Do you see any similarities between your movement and the Transatlantic Core Group?
MC: The Detroit Declaration evolved out of an open and fluid process of the network. This work flow is very similar to the process used by the Transatlantic Core Group. In some ways, it is a process that mimics design thinking: first, one has a hypothesis and builds stakeholder support around the hypothesis; after that, one can test a prototype of the hypothesis in practice against a sample group. If testing demonstrates that the hypothesis is valid, then the initiative can scale.
- Transatlantic Core Group
- The Transatlantic Core Group aims to rebuild the transatlantic relationship on a new footing: By focusing on innovative solutions to social and political challenges on both sides of the Atlantic, leaders from the United States and Germany explore new areas of possible collaboration beyond traditional foreign and security policy cooperation.
What happened after the launch of the Declaration?
MC: As mentioned earlier, we positioned the Detroit Declaration to identify a new generation of leaders willing to run for elected office who were aligned with our principles. We put them through political training: how to design a political campaign, what metrics they need to focus on, how to knock on doors and raise money. We then supported the campaigns via fundraisers, publicity, and volunteers to keep candidates committed, motivated, and accountable to declaration principles and community needs. Today, we can see the outcome: a new cohort of city counsellors and state representatives who are accountable to their constituents, to each other, and to good policy.
How did you finance all this?
MC: Declare Detroit remains a volunteer-led movement with no operational overhead and no organizational budget. The money we raised for campaigns was raised via private fundraising events and house parties. Candidates we supported received on average $5,000, a good starting point to give us a voice at the table.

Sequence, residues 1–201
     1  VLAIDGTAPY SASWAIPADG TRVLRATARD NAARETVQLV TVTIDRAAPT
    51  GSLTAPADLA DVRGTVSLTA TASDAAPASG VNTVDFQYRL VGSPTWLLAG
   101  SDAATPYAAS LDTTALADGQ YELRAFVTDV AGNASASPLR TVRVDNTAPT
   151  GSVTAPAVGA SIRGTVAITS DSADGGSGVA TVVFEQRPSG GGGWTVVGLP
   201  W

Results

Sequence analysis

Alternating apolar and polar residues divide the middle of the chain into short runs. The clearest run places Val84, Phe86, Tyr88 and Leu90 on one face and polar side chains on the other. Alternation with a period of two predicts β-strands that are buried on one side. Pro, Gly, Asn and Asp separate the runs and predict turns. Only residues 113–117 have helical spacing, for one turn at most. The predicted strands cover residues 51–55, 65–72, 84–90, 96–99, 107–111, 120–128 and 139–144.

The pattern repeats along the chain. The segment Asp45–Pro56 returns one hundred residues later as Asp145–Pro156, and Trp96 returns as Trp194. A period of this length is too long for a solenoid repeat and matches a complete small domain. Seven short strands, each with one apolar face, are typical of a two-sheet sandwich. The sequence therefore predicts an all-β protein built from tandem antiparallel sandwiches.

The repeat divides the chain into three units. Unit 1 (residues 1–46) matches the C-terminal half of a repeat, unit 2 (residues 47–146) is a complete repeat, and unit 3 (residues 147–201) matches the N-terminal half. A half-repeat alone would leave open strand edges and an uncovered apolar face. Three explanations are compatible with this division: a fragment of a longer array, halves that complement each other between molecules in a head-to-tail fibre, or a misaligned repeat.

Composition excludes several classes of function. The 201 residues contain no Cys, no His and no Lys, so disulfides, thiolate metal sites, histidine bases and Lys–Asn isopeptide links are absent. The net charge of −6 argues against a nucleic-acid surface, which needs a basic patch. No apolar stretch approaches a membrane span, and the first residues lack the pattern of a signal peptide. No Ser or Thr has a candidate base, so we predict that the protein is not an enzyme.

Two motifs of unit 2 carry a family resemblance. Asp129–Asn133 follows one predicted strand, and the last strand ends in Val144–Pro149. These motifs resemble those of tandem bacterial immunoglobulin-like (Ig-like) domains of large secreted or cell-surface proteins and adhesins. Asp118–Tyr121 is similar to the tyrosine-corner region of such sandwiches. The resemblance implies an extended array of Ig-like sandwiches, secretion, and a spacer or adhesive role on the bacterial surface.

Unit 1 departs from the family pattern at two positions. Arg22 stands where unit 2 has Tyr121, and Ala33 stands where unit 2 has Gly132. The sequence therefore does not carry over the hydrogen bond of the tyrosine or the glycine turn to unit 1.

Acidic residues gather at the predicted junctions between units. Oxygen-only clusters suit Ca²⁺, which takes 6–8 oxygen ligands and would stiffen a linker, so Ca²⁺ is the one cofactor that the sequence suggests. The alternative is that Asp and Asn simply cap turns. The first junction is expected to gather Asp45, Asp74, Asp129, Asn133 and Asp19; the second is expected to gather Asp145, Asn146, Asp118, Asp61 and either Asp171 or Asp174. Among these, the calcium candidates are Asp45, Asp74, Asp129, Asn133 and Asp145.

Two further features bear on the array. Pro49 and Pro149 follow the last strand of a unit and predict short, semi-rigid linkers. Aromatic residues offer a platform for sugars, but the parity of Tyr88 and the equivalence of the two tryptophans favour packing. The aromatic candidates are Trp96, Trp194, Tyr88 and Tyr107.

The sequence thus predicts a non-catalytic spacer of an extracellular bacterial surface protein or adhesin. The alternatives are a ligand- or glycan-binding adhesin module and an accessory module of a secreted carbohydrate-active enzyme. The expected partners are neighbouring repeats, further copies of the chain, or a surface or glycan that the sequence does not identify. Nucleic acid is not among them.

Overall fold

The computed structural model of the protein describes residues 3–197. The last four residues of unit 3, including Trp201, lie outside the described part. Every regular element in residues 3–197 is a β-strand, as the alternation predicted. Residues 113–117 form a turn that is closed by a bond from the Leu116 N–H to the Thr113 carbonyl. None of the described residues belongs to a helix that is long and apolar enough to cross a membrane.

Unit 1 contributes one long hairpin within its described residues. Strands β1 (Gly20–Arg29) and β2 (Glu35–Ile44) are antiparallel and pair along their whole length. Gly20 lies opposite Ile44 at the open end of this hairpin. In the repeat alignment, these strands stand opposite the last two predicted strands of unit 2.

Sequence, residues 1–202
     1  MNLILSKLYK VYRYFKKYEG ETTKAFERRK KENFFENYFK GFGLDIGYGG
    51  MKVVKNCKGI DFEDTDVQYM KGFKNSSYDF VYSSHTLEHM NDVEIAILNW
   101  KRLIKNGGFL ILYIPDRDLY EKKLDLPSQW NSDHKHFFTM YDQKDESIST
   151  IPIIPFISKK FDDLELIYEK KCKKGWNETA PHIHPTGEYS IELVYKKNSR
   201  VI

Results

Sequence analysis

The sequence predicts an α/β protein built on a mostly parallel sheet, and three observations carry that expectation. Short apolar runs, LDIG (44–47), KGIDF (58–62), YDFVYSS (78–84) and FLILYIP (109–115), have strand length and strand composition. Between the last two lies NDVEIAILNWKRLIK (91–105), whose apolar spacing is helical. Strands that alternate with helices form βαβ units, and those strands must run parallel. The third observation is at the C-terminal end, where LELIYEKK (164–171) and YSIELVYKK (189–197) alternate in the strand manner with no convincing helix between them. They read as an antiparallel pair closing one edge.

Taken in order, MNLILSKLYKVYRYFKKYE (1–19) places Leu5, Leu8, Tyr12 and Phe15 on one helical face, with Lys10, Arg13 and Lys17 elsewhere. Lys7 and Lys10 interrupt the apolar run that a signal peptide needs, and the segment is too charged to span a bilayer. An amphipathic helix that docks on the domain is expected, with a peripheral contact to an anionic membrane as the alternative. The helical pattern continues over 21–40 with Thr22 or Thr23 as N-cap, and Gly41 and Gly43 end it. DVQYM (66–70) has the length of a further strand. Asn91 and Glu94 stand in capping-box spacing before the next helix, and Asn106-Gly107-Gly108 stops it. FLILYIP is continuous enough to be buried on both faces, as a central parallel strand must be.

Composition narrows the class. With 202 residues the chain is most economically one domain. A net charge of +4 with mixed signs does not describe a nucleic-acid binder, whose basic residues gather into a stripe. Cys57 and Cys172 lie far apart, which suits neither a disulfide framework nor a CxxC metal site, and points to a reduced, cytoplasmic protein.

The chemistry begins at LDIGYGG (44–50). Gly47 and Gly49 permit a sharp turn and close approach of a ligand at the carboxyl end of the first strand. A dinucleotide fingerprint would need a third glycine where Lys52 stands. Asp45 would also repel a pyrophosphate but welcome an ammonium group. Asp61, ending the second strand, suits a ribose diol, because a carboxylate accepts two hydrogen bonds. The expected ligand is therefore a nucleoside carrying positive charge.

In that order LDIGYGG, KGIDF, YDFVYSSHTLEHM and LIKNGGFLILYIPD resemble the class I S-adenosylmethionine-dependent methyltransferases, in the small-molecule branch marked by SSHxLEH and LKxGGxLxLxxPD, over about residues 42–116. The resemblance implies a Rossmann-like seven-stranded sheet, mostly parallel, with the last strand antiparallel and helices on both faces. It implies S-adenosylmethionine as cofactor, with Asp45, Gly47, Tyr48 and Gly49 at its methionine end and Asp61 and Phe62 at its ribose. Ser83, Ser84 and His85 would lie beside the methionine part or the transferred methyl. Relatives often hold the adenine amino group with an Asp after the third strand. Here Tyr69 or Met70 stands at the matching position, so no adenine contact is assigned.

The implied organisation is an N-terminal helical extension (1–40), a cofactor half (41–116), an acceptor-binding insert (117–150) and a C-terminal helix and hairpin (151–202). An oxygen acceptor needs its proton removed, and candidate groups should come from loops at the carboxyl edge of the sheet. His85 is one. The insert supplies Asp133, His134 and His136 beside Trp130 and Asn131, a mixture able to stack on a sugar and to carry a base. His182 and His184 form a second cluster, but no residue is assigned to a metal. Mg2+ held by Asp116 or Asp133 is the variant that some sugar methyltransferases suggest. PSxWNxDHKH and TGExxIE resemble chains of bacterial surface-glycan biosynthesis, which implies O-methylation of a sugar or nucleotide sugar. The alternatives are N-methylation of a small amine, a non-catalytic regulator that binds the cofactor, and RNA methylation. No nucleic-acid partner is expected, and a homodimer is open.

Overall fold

Were there any other positive impacts?
MC: Of course, the biggest impact was the change in political discourse: a discourse accountable to the people of Detroit, structured around clear, measurable goals and clear outcomes. 65,000 new energy-efficient streetlights. An overhauled emergency management system. The re-opening of scores of neighborhood parks. A modernized bus fleet. Once the political environment stabilized and day-to-day services improved, business and investors took note and new industries emerged, resulting in new jobs and opportunities for Detroiters. While our road to economic recovery is long, we have made substantial progress in developing a foundation for accountability and renewed civic interest in policy, which has led to improved services, more jobs, and stronger communities. The Detroit Declaration has contributed to that progress.
This article is presented in collaboration with TwentyThirty.
TwentyThirty is an online magazine presented by the BMW Foundation Herbert Quandt. It sheds light on the social, political, and environmental challenges we face and features inspiring Responsible Leaders who are working to solve them. Follow their work on Facebook.